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Links 4/26/12

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Eagle Owl Adopts Baby Chickens at German Zoo Der Spiegel (Aquifer)

Dogs Acquire 24/7 TV Channel Care2 (furzy mouse)

Govt bans use of live animals for education, research Times of India (furzy mouse). Go India!

Tanya Fields: Breaking locks and planting seeds in the South Bronx Grist (Aquifer)

Fireball Over California/Nevada: How Big Was It? Digg

Equipment Maker Caught Installing Backdoor Account in Control System Code Wired (Chuck L)

Study finds twist to the story of the number line EurekaAlert. How could anyone think this is intuitive? I picked up the number line faster than peers (this was an early proud moment in school) but I distinctly recall learning it.

Is Siri Smarter than Google? CIOUpdate. Google has gotten stupider (its prioritizing the most recent web pages has made it close to useless), so that isn’t as hard as it seems.

Viral video: Dutch girl ages 12 years in 2 minutes, 45 seconds Los Angeles Times (Scott)

Increased Antarctic Ice Loss by Warm Ocean Currents Nature (Lambert)

A Battle Over an Engineered Crop New York Times

Population and consumption ‘key’ BBC

MAPS: Biblical Flooding Is Coming to a Refinery Near You Mother Jones

Growth will save us? You bet! Golem XIV

Greek anger keeps German tourists away Reuters

How African dictators corrupt European politics Michael Schmidt

Chinese banks and stealth easing MacroBusiness

Bo bugged phone call to China President Hu: report Reuters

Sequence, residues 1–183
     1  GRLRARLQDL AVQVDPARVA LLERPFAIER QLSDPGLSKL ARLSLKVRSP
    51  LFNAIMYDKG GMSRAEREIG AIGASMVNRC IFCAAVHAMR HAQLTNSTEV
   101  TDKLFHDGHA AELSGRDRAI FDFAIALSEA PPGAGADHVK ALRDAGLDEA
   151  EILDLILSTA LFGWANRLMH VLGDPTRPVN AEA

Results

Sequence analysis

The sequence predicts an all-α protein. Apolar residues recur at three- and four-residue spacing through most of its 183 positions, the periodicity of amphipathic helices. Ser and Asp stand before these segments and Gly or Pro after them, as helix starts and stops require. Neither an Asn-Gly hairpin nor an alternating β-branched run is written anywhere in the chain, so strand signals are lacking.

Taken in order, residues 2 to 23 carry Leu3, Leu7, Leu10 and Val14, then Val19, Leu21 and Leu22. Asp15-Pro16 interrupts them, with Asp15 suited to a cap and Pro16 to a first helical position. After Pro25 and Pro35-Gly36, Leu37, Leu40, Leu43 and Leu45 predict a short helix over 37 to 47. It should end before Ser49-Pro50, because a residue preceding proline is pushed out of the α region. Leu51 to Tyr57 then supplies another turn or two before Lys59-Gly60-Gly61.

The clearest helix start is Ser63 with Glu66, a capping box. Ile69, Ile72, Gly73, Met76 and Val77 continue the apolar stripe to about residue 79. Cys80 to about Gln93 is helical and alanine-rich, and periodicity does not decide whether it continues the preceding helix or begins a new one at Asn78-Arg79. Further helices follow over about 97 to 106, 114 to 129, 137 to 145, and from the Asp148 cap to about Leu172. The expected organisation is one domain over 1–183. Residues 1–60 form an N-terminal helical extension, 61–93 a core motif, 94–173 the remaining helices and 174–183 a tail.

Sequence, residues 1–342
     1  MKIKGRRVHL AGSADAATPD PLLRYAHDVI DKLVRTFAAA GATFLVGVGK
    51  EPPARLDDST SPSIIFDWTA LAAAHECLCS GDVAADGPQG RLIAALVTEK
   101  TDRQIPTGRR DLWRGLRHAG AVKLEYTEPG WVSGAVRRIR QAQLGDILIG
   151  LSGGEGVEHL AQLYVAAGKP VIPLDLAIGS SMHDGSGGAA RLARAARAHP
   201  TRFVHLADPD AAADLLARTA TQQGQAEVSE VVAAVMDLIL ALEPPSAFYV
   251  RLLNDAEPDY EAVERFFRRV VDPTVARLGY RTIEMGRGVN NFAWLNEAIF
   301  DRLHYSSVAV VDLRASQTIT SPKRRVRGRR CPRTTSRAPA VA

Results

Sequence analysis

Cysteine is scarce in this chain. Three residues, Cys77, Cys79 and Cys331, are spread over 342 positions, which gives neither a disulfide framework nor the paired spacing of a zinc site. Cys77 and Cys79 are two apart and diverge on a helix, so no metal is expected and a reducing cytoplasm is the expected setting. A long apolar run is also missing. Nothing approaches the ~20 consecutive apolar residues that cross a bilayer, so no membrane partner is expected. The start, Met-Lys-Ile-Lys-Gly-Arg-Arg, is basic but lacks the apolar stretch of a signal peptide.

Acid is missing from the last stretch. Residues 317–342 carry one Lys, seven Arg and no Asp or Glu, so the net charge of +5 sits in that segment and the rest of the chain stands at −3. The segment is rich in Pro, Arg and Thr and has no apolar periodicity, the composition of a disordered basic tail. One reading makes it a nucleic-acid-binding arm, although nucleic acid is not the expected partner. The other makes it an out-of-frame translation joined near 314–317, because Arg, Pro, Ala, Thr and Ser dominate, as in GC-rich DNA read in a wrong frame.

If Japan Is Broke, How Is It Bailing Out Europe? Forbes

The euro’s salvation lies in a little less Europe; not more Europe Avinash Persaud, VoxEU

Why Won’t Germany Turn? Joseph Halevi’s insightful analysis, circa 1995 Yanis Varoufakis

Israeli military chief: Iran will not build nuclear bomb Washington Post

Iran War Politics: Elizabeth Warren Contradicts Defense Secretary In Hawkish Talk, Bob Kerrey Calls Attack ‘Disaster’ Huffington Post

Caring for the US Military’s Traumatized Soldiers Der Speigel (Aquifer)

Obama Lies About Federal Marijuana Law to Rolling Stone Jon Walker, Firedoglake

For Obama, A Kinder, Gentler Netroots Nation In 2012 TPM. Ugh.

Budget Control Act: Military Cuts Will Cover the Social Security Shortfall Robert Naiman, Huffington Post

Mitt Romney to Speak at Hate Group Conference Ron Hill, Firedoglake. So much for Romney tacking to the center.

TSA officers charged in drug smuggling conspiracy Christian Science Monitor

Education Slowdown Threatens U.S. Wall Street Journal. It’s worse than this story suggests. Attainment is falling.

Why Isn’t Closing 40 Philadelphia Public Schools National News? Where Is the Black Political Class? Black Agenda Report (Lambert)

Wal-Mart bribery inquiry expands to trade groups Washington Post

Britain slides back into recession Financial Times

Decline and recovery in GDP levels during the latest recession and 1930s depression Twitpics. UK but still illuminating.

US durable goods orders fall sharply Financial Times. Bloomberg tries to say it’s no cause for concern.

Reprehensible Behavior a Cornerstone of its Business Model Michael Panzner (Mark Ames)

Chasing Fees, Banks Court Low-Income Customers New York Times

GE suffers activist shareholder revolt Financial Times

Shareholders Revolt: Are Wall Street’s CEOs Worth Their Pay? Forbes

SF cops back top 1 percent Joan Walsh, Salon

Surviving Progress (Aquifer)

Watch out! Is the Fed pushing us into another bubble? Sheila Bair, Fortune (Michael C)

Antidote du jour:

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115 comments

  1. Engineer

    Re: MAPS: Biblical Flooding Is Coming to a Refinery Near You Mother Jones

    I worked at a giant civil enginering firm. The question of the rise of sea levels was put to the entire firm via email.

    The “guestimate”, that was then used for designs on that time frame was about 6 ft, or 2m. Civil Engineers tend to be cautious, so a lower number would be “expected”.

  2. Dan